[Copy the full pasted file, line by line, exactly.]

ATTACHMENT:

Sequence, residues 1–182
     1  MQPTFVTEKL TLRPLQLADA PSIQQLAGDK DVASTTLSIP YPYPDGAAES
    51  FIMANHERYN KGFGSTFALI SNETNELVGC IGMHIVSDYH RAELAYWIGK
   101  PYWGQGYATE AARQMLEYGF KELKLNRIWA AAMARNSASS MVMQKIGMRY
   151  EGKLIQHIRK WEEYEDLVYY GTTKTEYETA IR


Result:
Sequence, residues 1–182
     1  MQPTFVTEKL TLRPLQLADA PSIQQLAGDK DVASTTLSIP YPYPDGAAES
    51  FIMANHERYN KGFGSTFALI SNETNELVGC IGMHIVSDYH RAELAYWIGK
   101  PYWGQGYATE AARQMLEYGF KELKLNRIWA AAMARNSASS MVMQKIGMRY
   151  EGKLIQHIRK WEEYEDLVYY GTTKTEYETA IR